The world is ending, a giant sentient brain is traveling between dimensions, and Cave Carson no longer has his cybernetic eye. Just great. The odds are not in the heroes’ favor, but you know they’ll win. Right?
Writer: Jon Rivera
Artist: Michael Avon Oeming (Colors by Nick Filardi)
Publisher: DC Comics
So what’s it about?
Why does this book matter?
If you dig comics that are straight up fun, weird, and willing to take big chances then you’re most likely a prime DC Young Animal fan. The books spinning out of Gerard Way’s editorial guidance have been all of those things and more. Visually, the most stunning has to be Cave Carson Has a Cybernetic Eye and once again, this issue is no different!
Fine, you have my attention. What’s good about it?
Writer Jon Rivera opens this issue with two aliens enjoying a picnic on some alien world. They seem to be in love as one alien gives the other a special ring. An odd opening since we have no idea who these creatures are, but stick with it because Rivera makes this scene pay off and then some. The issue cuts back to the utter chaos Cave and his compatriots are enduring which includes some crazy psychedelic time jumping and some fast thinking as Cave’s car can barely hold together. The main story is fast paced, cutting between some utterly gross yet awesome action and some key story work when it comes to the villain’s plan. I can’t pretend I understand what is going on exactly, but really that’s part of the allure of this series.
Aside from the ridiculous missile top this is totally normal.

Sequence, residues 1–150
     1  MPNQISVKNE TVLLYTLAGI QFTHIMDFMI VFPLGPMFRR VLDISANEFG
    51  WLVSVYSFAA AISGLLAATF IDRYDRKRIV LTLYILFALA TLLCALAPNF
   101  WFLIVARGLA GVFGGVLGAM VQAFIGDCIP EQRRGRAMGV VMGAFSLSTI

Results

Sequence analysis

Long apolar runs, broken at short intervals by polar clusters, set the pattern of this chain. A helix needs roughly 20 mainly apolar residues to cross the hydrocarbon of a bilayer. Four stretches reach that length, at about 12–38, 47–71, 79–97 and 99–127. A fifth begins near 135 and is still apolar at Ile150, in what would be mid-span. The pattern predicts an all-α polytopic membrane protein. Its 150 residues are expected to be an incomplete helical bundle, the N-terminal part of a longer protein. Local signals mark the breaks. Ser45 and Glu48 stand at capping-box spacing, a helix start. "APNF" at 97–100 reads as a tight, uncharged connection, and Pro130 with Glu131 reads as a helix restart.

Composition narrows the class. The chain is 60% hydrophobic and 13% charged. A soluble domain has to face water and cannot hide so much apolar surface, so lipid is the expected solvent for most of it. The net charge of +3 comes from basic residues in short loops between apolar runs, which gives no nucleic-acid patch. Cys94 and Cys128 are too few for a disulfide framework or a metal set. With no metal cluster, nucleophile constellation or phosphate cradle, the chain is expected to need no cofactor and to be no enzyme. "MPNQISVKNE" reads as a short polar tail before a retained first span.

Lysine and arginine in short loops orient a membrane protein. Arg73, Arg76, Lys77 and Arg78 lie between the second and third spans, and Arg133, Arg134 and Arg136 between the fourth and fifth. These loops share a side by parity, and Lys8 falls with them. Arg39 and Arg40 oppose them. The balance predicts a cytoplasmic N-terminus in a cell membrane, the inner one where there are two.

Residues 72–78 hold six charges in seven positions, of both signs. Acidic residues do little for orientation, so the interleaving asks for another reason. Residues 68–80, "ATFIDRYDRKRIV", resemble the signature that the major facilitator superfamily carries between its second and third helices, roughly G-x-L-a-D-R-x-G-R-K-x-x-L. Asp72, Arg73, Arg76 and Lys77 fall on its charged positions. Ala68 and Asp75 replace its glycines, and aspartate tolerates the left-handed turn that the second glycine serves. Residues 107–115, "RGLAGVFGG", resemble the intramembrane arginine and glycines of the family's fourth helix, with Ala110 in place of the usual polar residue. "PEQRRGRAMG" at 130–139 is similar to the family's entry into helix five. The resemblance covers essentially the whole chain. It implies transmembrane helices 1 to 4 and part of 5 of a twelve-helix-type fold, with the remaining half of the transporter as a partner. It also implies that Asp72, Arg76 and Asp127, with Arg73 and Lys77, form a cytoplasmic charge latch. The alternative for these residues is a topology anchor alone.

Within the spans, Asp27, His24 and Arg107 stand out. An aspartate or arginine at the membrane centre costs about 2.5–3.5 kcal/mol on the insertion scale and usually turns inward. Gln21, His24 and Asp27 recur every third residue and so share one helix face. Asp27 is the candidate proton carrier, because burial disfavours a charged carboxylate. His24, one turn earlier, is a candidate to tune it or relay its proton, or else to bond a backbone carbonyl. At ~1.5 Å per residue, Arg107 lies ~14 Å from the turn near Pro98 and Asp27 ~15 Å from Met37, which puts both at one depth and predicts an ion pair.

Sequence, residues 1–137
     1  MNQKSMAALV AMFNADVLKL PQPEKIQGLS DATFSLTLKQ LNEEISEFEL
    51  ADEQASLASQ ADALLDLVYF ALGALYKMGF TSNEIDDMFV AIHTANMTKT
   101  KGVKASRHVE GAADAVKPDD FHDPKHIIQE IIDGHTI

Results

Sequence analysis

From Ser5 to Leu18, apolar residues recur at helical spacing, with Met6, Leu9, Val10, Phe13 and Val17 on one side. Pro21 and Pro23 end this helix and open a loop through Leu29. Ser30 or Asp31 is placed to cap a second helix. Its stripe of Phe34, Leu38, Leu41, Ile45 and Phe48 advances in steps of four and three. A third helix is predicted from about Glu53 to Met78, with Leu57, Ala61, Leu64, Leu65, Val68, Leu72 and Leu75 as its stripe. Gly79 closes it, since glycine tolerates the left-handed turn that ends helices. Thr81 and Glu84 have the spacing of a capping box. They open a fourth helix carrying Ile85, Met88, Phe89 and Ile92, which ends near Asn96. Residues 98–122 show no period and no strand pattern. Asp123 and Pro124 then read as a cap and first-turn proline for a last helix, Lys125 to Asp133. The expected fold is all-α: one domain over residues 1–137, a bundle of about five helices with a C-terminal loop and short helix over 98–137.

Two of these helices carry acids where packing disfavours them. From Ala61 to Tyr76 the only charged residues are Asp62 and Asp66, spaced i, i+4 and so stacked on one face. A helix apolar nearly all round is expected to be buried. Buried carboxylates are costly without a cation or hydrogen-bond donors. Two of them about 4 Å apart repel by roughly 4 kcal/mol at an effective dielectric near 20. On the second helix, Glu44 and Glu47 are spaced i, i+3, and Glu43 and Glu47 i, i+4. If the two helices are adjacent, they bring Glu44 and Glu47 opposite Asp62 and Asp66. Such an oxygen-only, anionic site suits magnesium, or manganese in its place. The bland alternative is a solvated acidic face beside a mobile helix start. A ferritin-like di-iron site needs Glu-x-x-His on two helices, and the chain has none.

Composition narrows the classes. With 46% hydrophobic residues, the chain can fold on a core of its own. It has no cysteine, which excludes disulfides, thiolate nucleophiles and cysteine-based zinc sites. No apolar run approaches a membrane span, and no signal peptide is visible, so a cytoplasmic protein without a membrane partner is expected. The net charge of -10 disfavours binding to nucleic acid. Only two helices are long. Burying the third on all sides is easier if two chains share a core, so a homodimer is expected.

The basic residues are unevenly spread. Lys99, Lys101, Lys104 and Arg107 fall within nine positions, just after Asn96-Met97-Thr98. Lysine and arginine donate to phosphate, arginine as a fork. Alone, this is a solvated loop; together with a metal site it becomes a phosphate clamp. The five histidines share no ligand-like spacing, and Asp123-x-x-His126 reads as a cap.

Michael Avon Oeming and Nick Filardi continue to do excellent work with this series. The smash cut from angelic alien picnic to utter chaos is perfect as the gutters are covered in Ben-Day dots and zigzag craziness. The villainous brain…thing, looks positively gross and strange with its weird little arms and colorful bits. The book is always changing visually, from wavy panels, to more conventional, and then a layout might pop in with triangles drawing your eye downward. It’s like a visual jazz that’s hard to ever pin down, which helps disorient the reader.
And then a flipping brain gets cut out of of a head. Seriously, this sequence of events is awesome in the goriest of ways. The fact that it goes from gross to grosser is a testament to Oeming, Filardi, and Rivera working together like a well oiled machine. There’s stuff in this book you’ve never seen before and probably won’t ever again.
What the fuuuuuu…
It can’t be perfect can it?
I’m the first to admit not understanding what the hell is going on can be a detriment to the story. Essentially crazy s--t is going down and the characters are attempting to stop said s--t from happening. What is happening, and how they’re time hopping make little sense, and I think that’s the point. That said, it’s sometimes so disorienting it’s hard to know what to feel.
Is It Good?
A visual jazz you can never pin down, the creative team is firing on all cylinders creating a story never seen before and never to be replicated again.